21 Oct Rasheryl McCreary On Leadership As Art
Rasheryl McCreary of TAO Leadership Development, Inc. is the latest contributor in my series of conversations with influential female global executives. Katie Mehnert, Kahina Van Dyke, and Natalia Shuman have all been fascinating to talk to and I know you will not be disappointed by what Rasheryl has to say.
Rasheryl has worked with more than 1,000 leaders at Fortune 500 companies like American Express, Cisco, P&G and PayPal, government agencies like the CIA and The US Department of Homeland Security, and top business schools like Harvard University as a personal branding and leadership presence coach. Prior to founding Tao Leadership Development she worked as a Senior Consultant at a global leadership development firm where she co-designed training programs for high-potential executives, as President of a training firm that delivered customer service training to the Department of Defense, and as Director of Training for a national marketing firm. She is also an award-winning, professional theater actress who knows first-hand how to authentically inspire, motivate, and engage a live audience.
Her business acumen and experience combined with her professional actor training create a truly unique skill-set. Here’s Rasheryl’s unique take on global leadership:
Clare: What are the most common topics you are asked by your global executives to provide training on?
Rasheryl: For me the number one topic I am asked to help with is Personal Branding. People know deep down that credibility attracts the support of stakeholders and inspires the loyalty of teams, colleagues and clients alike. What they want is to project a ‘comfortable-in-your-own skin’ confidence and to be able to leverage it to drive powerful business results.
Closely aligned to this is leadership presence, the ability to consistently and clearly articulate your value proposition while influencing and connecting with others.
And finally, on a very practical level, Communication Skills, that is to say what exactly you need to do to convey information to another, effectively and efficiently.
Clare: So that’s interesting, everything you have mentioned is about the ability to influence and work through others. What top three tips would you give to your peers looking to support their global teams?
Tip #1: I would say before diving straight into action, do a little research and find out what their global teams most need and how they can best support their teams. Go straight to the horse’s mouth and find out what is the best way to support your teams. Assumptions rarely work!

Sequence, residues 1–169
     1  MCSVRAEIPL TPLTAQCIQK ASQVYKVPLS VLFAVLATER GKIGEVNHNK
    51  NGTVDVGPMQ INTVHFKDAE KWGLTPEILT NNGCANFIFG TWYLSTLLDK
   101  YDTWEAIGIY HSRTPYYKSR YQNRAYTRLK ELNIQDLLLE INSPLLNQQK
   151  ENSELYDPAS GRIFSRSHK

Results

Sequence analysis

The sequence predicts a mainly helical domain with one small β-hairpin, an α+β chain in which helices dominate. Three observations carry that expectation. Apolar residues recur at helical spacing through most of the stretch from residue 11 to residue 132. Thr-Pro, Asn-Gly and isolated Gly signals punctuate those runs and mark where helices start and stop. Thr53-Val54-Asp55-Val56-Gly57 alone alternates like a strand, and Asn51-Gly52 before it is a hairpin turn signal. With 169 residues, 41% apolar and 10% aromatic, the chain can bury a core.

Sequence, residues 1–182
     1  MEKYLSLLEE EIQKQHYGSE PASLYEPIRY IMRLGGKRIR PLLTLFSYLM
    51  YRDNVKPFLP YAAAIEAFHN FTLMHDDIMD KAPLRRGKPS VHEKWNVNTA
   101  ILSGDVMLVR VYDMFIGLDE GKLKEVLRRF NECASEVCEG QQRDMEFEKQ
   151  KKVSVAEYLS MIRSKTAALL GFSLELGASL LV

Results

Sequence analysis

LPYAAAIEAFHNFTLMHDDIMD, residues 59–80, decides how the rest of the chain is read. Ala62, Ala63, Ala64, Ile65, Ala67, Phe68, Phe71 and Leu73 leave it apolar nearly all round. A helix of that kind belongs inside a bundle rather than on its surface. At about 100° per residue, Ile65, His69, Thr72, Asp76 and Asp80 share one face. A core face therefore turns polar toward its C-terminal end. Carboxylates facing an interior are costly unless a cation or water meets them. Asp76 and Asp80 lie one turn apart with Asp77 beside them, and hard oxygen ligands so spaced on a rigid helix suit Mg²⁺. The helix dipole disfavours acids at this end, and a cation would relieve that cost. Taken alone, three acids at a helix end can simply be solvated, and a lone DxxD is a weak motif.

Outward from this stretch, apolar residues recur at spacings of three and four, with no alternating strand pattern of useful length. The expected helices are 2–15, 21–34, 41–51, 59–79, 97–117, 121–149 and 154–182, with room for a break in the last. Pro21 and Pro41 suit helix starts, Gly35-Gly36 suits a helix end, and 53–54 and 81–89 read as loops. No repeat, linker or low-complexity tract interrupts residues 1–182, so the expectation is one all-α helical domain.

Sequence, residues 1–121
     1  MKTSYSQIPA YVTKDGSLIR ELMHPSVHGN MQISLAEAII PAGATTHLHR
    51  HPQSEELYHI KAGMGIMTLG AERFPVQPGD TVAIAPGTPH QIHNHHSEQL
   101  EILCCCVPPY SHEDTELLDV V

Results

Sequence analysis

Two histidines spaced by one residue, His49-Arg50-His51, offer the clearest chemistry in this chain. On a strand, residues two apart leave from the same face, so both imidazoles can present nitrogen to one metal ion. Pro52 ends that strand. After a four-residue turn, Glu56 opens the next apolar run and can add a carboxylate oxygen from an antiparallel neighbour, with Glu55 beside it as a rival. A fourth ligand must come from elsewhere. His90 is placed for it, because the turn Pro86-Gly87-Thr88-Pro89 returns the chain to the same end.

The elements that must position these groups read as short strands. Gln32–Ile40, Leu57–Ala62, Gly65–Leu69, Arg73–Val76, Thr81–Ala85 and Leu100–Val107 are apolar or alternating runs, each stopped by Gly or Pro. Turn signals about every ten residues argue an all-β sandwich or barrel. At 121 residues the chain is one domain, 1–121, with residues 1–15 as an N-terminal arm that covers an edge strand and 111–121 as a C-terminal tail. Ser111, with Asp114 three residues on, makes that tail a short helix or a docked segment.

Tip #2: Once you are clear on what the team needs, look for a variety of ways to assist your team using a range of tools e.g. email, audio tools, recording an mp3 to use as a coaching tool, sending a webinar or link. I try to find an assortment of ways to make them feel like they are surrounded in support by me even though we may not meet or talk all the time.
Tip #3: From a mindset point of view, take the time to prepare when communicating with global teams. That means having a communication strategy established and making sure you are organised for meetings well in advance. In this way you can make sure that you are present, grounded, and fully focused before you start your call.
Clare: Clearly you take the business of leadership seriously. It is said that developing game-changing models that make the world a better place can help engage and retain skilled and committed employees. Is there anything you are particularly proud to have been part of?
Rasheryl: I am really proud of my ‘Communicate With Impact’ Program. I don’t know about changing the world, but it certainly gives busy executives the tools they need to drive results in their organization. The framework I use in this program is based on a time-tested model of persuasive communication. It is a model that I developed and used for my coaching clients and then embedded into this group program.
Many participants report that they use the model and see results almost immediately. By that I mean, it helps them persuade their audience to take action, get commitment from senior leaders, and successfully navigate challenging conversations. In one case, there was a participant who used the framework in a critical lunch meeting with a senior leader that he had to influence. The result: the meeting was successful, he got buy-in from the senior executive who actually then remarked “you must be reading my mind.”
I was also very proud to be a part of an employee engagement culture change for a Fortune 100, global financial services firm. At the time I worked for a consulting firm and we were charged with helping our client execute a culture shift from employee satisfaction to employee engagement. We designed and delivered a training/coaching program for the top 400 leaders in the firm, from the CEO down. It was so rewarding to be part of a hands-on team that literally helped leaders understand the in-the-moment leadership skills and communication techniques to successfully increase employee engagement.